CTA and NAB Jointly Promote ATSC 3.0 “Living Lab”

Two years ago proponents of ATSC 3.0 began looking for a facility to host the testing of the country’s next-generation TV broadcasting standard. Similar to the early days of digital broadcasting—when the 8-VSB modulation scheme was being considered for use by TV stations in the U.S.—engineers from GatesAir, LG Electronics USA and Zenith Corp. needed a place to conduct field trials of the proposed new technology.

This time they found a home at WJW, the Fox affiliate in Cleveland, OH that’s owned by Tribune Broadcasting. The station had a Thomson Broadcast (Comark) CTT-U-DCX IOT digital transmitter that had been idle since the station moved to a new channel (channel 8). 

Tests began in May, 2015 with the ATSC 3.0 transmission system using a solid-state transmitter, a new GatesAir Maxiva XTE, and an ATSC 3.0 exciter. The station used the station’s antenna and 6 MHz of spectrum provided via temporary FCC license. The goal was to see how the ATSC 3.0 spec preformed with both 4K UHD TV and mobile signals to both stationary and moving receivers around the suburbs and downtown areas of Cleveland.

Joe Seccia, manager of Market and Product Development Strategy for the TV transmission products area at GatesAir, said over several months they generated tens of thousands of data points showing how ATSC 3.0 can deliver 4K Ultra HD content, robust mobile reception and deep indoor reception to fixed receivers with improved spectrum efficiency.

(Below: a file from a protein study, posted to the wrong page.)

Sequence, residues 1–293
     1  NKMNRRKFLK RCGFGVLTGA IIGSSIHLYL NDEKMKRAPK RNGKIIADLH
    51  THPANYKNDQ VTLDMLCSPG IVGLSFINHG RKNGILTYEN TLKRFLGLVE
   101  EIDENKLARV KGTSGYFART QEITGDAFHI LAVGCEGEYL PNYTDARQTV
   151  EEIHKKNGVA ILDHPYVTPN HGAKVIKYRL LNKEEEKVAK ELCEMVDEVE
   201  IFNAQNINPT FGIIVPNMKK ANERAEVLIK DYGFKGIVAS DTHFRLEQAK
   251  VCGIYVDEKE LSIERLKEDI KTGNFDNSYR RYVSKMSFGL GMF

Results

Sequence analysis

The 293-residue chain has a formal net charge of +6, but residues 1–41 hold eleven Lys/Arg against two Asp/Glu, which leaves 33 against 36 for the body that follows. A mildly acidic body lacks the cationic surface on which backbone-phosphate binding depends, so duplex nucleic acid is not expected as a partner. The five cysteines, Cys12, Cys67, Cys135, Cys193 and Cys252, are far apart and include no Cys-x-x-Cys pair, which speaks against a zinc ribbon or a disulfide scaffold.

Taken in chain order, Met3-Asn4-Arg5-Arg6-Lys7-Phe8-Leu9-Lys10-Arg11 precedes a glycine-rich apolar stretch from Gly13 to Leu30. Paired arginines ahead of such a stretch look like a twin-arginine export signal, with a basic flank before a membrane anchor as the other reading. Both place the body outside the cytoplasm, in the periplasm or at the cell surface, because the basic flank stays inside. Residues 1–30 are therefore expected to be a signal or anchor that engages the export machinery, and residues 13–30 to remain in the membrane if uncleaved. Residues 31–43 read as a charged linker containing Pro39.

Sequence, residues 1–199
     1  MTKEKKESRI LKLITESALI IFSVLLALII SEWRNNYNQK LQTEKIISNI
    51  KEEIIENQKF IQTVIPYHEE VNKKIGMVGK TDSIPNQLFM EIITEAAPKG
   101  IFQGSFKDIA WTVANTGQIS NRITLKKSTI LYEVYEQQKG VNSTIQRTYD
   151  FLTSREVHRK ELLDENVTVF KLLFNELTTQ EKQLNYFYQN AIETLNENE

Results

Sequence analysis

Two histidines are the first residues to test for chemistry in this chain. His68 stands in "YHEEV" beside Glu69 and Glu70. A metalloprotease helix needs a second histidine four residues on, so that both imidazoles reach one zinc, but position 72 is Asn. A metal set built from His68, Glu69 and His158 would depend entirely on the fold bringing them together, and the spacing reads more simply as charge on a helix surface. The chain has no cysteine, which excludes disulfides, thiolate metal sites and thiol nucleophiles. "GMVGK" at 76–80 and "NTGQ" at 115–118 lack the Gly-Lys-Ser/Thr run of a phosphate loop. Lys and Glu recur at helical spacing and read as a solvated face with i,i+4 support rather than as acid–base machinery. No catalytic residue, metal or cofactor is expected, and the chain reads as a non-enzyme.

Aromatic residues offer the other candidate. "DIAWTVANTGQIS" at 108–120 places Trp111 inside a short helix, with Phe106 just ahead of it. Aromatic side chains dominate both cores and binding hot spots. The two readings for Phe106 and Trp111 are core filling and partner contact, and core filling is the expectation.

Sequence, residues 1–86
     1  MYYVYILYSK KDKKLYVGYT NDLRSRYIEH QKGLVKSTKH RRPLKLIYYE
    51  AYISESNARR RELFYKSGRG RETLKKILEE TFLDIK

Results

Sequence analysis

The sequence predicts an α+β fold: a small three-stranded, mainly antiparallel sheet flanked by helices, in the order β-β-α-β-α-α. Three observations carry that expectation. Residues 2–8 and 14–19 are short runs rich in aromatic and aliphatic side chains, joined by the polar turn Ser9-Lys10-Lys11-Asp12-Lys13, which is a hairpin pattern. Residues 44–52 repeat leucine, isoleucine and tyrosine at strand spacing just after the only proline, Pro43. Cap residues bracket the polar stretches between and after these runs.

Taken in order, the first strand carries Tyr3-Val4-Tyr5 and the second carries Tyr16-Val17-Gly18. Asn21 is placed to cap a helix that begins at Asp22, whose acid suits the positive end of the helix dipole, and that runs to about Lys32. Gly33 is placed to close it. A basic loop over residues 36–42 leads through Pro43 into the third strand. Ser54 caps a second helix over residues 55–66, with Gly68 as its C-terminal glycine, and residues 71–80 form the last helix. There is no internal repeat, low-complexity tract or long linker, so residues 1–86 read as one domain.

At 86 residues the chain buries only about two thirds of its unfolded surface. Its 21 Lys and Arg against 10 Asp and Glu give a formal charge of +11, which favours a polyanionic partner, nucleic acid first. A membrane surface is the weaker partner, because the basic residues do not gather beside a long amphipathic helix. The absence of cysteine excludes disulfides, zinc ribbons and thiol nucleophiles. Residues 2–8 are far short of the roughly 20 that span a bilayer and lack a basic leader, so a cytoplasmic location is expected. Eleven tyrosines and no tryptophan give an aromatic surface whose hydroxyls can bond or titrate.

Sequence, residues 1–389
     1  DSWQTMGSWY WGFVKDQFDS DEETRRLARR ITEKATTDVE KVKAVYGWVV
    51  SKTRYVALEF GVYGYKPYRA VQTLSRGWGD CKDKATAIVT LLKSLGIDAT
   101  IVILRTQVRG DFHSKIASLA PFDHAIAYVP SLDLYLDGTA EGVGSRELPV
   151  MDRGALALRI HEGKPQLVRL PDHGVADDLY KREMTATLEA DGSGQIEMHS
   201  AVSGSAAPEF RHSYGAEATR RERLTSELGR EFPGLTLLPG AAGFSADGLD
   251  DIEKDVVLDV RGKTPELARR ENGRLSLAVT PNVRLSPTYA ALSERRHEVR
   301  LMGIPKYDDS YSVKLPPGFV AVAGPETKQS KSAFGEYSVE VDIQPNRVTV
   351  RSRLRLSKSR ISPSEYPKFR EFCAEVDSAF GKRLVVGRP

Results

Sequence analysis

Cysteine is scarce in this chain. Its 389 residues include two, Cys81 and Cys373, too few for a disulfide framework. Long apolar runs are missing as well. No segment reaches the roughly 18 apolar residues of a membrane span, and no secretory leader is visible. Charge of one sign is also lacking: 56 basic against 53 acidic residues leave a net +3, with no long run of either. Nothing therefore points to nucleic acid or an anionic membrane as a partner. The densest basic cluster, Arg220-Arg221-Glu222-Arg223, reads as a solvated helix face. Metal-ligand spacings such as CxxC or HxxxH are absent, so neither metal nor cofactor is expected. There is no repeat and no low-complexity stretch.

“We saw what we expected, good results in hard to reach areas in both linear TV and mobile signals,” Seccia said. “We wanted to have a place that was similar to the model HDTV station at WRC, in Washington DC (that was used for 8-VSB modulation testing). WJW provided the perfect home.”

WJW’s transmission antenna is located in suburban Parma, Ohio.

WJW’s transmission antenna is located in suburban Parma, Ohio.

Bill VanDuynhoven, Tribune Media’s Director of Broadcast Engineering Operations, was tasked with overseeing the new “lab” and to help with testing ATSC 3.0 using a variety of bit rates and power levels in order optimize indoor reception and manage the spectrum most efficiently. They were able to get 4K Ultra HD content and two mobile TV streams (one used as a backchannel) in a single 6-MHz channel.

Later that year, Cleveland, OH station WJW broadcast Game 2 of Major League Baseball’s 2016 World Series in full 4K UHD (3840 X 2160 lines of resolution) to various test displays around Progressive Field ballpark in Cleveland as well as to a small number of viewers with 4K UHD-compatible TVs at home. It was cited as the first live ATSC 3.0 broadcast of a major professional sporting event.